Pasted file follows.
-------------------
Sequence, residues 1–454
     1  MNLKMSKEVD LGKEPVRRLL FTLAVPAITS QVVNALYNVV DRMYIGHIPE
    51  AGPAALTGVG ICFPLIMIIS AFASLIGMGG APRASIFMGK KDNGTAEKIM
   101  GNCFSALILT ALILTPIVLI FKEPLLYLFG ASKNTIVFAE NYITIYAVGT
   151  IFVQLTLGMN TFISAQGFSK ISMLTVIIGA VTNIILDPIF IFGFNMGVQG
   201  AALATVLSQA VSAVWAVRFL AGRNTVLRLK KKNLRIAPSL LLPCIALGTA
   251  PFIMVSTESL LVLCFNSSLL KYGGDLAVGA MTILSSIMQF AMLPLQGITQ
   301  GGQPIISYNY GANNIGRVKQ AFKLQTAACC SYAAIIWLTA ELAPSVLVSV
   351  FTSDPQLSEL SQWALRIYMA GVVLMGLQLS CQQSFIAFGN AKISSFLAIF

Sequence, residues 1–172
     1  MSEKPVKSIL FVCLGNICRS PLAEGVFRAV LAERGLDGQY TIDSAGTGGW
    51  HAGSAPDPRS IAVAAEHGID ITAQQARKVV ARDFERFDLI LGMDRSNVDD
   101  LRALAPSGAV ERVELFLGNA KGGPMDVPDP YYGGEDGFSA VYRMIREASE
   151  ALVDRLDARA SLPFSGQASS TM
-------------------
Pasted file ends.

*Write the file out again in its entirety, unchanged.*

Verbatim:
Sequence, residues 1–454
     1  MNLKMSKEVD LGKEPVRRLL FTLAVPAITS QVVNALYNVV DRMYIGHIPE
    51  AGPAALTGVG ICFPLIMIIS AFASLIGMGG APRASIFMGK KDNGTAEKIM
   101  GNCFSALILT ALILTPIVLI FKEPLLYLFG ASKNTIVFAE NYITIYAVGT
   151  IFVQLTLGMN TFISAQGFSK ISMLTVIIGA VTNIILDPIF IFGFNMGVQG
   201  AALATVLSQA VSAVWAVRFL AGRNTVLRLK KKNLRIAPSL LLPCIALGTA
   251  PFIMVSTESL LVLCFNSSLL KYGGDLAVGA MTILSSIMQF AMLPLQGITQ
   301  GGQPIISYNY GANNIGRVKQ AFKLQTAACC SYAAIIWLTA ELAPSVLVSV
   351  FTSDPQLSEL SQWALRIYMA GVVLMGLQLS CQQSFIAFGN AKISSFLAIF

Sequence, residues 1–172
     1  MSEKPVKSIL FVCLGNICRS PLAEGVFRAV LAERGLDGQY TIDSAGTGGW
    51  HAGSAPDPRS IAVAAEHGID ITAQQARKVV ARDFERFDLI LGMDRSNVDD
   101  LRALAPSGAV ERVELFLGNA KGGPMDVPDP YYGGEDGFSA VYRMIREASE
   151  ALVDRLDARA SLPFSGQASS TM